'Life goes on' after Brazil riots but problems must be tackled: Supreme Court Justice

FILE PHOTO: Brazilian Supreme Court Justice Gilmar Mendes walks at the Supreme Court building following Brazil's anti-democratic riots, in Brasilia, Brazil, January 10, 2023. REUTERS/Ricardo Moraes

LISBON (Reuters) - Brazil must make sure it addresses the problems that led to the riots in Brasilia last month, including the "politicisation" of the police and the role of social media, but, for now, life goes on as usual, Supreme Court Justice Gilmar Mendes said on Friday.

Speaking to reporters on the sidelines of a business conference in Portugal's capital Lisbon, Mendes said problems "accumulated" during the four years far-right leader Jair Bolsonaro was in power.

Bolsonaro supporters stormed government buildings on Jan. 8, calling for a military coup to restore their leader who left the country without conceding defeat by leftist President Luiz Inacio Lula da Silva, who was sworn in on the first day of the year.

"There's a debate taking place about the role of these radical groups, (about) what needs to be done," Mendes said, explaining authorities were looking into the alleged involvement of security forces in the riots.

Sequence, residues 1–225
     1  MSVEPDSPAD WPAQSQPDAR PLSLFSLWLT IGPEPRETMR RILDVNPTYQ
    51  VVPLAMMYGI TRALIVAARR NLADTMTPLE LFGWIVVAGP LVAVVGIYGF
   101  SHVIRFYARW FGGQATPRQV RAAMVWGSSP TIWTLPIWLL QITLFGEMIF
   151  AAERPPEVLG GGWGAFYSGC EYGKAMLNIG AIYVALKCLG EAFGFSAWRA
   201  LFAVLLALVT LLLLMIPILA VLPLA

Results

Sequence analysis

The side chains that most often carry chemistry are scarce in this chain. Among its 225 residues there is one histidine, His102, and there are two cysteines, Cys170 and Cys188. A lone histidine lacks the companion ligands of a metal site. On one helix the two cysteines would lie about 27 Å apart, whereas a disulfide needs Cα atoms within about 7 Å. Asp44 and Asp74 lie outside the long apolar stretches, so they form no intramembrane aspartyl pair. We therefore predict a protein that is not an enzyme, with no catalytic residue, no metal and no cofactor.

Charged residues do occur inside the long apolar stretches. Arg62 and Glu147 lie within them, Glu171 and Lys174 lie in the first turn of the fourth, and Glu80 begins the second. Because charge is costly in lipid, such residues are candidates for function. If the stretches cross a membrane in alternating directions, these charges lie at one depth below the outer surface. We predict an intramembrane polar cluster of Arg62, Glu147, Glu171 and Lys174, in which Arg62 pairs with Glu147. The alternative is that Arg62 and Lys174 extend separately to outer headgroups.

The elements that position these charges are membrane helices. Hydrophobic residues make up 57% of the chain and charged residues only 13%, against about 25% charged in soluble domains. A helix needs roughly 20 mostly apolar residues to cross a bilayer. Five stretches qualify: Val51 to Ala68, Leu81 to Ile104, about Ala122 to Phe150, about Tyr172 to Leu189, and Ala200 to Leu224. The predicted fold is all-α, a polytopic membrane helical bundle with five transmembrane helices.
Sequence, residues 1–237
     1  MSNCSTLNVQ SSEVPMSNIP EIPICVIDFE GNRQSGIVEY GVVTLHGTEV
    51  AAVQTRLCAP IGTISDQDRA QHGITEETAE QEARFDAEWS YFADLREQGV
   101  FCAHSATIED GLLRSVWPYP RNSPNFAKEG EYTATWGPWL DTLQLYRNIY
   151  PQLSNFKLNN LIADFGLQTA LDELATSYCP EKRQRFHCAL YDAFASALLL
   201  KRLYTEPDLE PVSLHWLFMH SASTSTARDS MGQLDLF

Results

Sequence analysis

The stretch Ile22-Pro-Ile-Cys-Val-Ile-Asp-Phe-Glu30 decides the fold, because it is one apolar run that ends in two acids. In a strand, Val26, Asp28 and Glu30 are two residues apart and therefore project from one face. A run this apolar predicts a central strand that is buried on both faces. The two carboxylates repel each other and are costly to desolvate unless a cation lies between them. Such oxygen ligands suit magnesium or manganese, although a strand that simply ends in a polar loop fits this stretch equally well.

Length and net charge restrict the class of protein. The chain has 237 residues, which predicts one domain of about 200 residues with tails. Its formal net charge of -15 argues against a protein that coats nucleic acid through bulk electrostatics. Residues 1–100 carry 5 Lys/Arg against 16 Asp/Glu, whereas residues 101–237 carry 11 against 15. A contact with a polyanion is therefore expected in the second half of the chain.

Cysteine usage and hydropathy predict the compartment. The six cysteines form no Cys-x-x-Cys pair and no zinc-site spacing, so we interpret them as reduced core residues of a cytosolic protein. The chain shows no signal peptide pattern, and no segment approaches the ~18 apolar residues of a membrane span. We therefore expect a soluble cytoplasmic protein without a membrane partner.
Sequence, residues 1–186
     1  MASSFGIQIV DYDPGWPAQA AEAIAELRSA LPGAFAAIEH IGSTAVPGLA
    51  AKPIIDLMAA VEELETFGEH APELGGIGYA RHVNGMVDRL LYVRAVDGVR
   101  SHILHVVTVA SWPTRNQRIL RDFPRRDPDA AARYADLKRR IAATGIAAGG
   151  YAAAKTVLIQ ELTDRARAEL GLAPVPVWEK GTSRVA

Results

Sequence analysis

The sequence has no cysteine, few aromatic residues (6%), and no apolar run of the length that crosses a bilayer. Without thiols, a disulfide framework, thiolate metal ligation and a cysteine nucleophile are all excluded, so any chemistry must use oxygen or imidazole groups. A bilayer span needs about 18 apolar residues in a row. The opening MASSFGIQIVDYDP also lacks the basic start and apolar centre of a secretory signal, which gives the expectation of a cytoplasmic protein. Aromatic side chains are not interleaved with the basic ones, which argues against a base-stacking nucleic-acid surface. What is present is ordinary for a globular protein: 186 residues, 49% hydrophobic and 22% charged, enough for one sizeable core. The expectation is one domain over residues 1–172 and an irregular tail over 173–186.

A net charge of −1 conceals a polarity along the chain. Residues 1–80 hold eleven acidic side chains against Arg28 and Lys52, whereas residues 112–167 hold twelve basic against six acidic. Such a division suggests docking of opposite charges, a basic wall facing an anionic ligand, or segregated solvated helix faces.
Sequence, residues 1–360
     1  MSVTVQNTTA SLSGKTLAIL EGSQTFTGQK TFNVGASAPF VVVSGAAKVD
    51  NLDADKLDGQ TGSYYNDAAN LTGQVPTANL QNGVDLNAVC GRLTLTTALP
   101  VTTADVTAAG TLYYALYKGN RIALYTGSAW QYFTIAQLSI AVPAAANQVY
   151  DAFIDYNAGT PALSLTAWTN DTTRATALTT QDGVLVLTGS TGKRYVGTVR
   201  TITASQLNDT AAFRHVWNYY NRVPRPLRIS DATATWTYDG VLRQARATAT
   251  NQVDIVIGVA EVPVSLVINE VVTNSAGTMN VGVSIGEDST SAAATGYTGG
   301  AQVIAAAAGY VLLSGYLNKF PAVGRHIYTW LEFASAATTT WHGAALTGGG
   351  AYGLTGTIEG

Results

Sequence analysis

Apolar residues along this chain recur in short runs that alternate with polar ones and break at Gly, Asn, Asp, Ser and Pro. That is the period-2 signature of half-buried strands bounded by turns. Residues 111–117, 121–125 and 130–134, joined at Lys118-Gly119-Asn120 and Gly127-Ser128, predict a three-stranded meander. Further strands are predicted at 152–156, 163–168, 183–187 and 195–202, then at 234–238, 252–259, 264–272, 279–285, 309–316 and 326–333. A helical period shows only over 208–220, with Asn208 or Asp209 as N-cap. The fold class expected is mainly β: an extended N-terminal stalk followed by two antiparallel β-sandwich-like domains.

Lula has said the local militarised police force did not do enough to stop the advance of the protesters. The Supreme Court is leading the criminal probe into the riots.

Mendes said it was important to discuss reforms in the security sector to tackle what he described as the "politicisation" of the police. He said there were issues with the armed forces too.

He also said it was crucial to address the role played by social media platforms. People took to social media and messaging platforms to organise protests in support of Bolsonaro.

Facebook parent Meta and Google's video platform YouTube said they removed content supporting or praising the riots.

"It is a responsible reflection ... but (the current) situation (is) of normality," Mendes said. "The country is moving forward... The stock market continues to rise, the dollar is under control, congress is functioning, life goes on as usual.

"I think democracy, once again, showed its resilience."

(Reporting by Catarina Demony; Editing by Nick Macfie)

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